Bears veterans and rookies will report a few days ahead of that first session to acclimate themselves to their new (for some) surroundings. Rookies report on July 16, with veterans coming three days later on July 19.

All eyes will be on QB Mitch Trubisky and the potentially high-flying offense under coach Matt Nagy. Training camp will take on extra importance because of the plethora of new faces on the roster and coaching staff as well as the installation of a completely new offensive scheme. It's critical that Trubisky builds chemistry with wide receivers Allen Robinson, Taylor Gabriel, Anthony Miller and Kevin White, all of whom he's never thrown a regular-season pass to. Add Trey Burton to that mix and a lot of miscues should be expected in the preseason.

The rookie class is led by linebacker Roquan Smith, who remains unsigned. With less than 30 days until rookies are required to report, a greater sense of urgency -- even if it's not quite a panic -- is certainly creeping in. Assuming he's signed in time, Smith should earn a starting role early in training camp and ascend to one of the defense's top all-around players. 

The Bears have higher-than-usual expectations heading into the 2018 season making fans eager for summer practices to get underway.

Leonard Floyd picked as potential Pro Bowler in 2018

Leonard Floyd picked as potential Pro Bowler in 2018

The Chicago Bears need a big season from outside linebacker Leonard Floyd. He's the team's best pass-rush option and the only legitimate threat to post double-digit sacks this year.

Floyd joined the Bears as a first-round pick (No. 9 overall) in 2016 and has flashed freakish talent at times. The problem has been his health; he's appeared in only 22 games through his first two seasons.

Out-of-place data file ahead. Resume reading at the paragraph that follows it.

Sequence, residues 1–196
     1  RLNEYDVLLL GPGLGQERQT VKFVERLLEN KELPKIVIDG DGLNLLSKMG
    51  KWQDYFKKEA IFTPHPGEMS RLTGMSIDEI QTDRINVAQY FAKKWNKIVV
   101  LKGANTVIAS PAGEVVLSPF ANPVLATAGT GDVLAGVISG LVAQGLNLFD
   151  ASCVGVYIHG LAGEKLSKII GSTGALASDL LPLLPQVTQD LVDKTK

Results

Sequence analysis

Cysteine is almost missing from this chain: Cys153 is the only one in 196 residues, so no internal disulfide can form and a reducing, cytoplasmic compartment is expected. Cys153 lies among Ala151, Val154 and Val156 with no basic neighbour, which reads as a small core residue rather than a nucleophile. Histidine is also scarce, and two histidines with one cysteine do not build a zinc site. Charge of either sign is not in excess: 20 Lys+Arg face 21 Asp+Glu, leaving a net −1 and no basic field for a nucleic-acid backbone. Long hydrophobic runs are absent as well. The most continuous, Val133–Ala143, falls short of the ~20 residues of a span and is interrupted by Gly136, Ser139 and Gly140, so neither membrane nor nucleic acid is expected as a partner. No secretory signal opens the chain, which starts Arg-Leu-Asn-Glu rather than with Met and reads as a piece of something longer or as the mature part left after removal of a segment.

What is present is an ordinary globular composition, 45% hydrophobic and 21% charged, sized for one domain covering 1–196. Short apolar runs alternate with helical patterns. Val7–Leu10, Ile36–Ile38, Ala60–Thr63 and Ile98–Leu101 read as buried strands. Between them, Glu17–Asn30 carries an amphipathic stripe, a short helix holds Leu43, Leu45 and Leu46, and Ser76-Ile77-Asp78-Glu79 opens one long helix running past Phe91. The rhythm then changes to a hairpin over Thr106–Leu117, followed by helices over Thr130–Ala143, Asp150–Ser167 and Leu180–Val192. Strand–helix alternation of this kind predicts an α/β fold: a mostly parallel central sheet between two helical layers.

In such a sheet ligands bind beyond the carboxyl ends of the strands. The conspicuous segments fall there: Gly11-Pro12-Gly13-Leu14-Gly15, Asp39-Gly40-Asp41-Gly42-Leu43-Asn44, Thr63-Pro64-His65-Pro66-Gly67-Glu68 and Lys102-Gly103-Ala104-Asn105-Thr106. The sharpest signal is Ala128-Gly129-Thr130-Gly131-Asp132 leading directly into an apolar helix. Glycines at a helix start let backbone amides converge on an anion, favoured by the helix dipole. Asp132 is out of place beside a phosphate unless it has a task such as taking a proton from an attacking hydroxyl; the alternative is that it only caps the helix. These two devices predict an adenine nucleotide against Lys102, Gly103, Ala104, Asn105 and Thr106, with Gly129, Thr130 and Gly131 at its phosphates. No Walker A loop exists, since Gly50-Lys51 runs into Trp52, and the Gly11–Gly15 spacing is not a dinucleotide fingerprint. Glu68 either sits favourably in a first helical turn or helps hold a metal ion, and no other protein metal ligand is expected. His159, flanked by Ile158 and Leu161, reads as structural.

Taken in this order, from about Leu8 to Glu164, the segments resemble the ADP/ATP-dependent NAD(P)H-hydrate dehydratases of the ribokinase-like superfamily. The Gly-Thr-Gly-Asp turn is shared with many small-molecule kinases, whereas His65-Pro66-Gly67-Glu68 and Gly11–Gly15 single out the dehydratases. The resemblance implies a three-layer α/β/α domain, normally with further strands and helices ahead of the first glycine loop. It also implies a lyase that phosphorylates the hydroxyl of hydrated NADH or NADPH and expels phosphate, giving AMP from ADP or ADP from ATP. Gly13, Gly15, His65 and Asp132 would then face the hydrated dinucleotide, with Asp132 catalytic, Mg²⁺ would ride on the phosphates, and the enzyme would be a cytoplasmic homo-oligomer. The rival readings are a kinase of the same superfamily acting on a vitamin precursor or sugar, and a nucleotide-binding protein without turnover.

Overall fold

Floyd's rookie year -- especially Weeks 5 through 9 -- showed a glimpse of the kind of disruptive force he's capable of becoming. He registered seven sacks and looked poised to breakout in 2017. Unfortunately, injuries limited him to only 10 games and four sacks.

Despite his disappointing sophomore season, NFL.com's Gil Brandt has high hopes for Floyd in 2018. The long-time NFL personnel executive named Floyd as the Bear with the best chance to earn a first-time trip to the Pro Bowl.

CHICAGO BEARS: Leonard Floyd, OLB, third NFL season. Floyd had seven sacks as a rookie in 2016, but missed six games last season due to a knee injury. He's a talented guy who can drop into coverage or rush with his hand on the ground and should play much better this season. He also has become much stronger since coming into the league.

The Bears will be in a heap of trouble if Floyd doesn't emerge as a Pro Bowl caliber player. There aren't many pass-rushing options on the roster outside of Floyd aside from Aaron Lynch and rookie Kylie Fitts. Neither edge defender has a resume strong enough to rely on as insurance.

It's a critical year for Floyd's future in Chicago, too. General manager Ryan Pace will decide whether to pick up Floyd's fifth-year option in his rookie contract next offseason. If he plays well, it's a no-brainer. If not, Pace could be looking at two straight first-round picks (see: Kevin White) that he's declined the extra year.

We're a long way from that decision. Until then, the Bears' season may sink or swim based on its pass rush. It begins -- and ends -- with Floyd.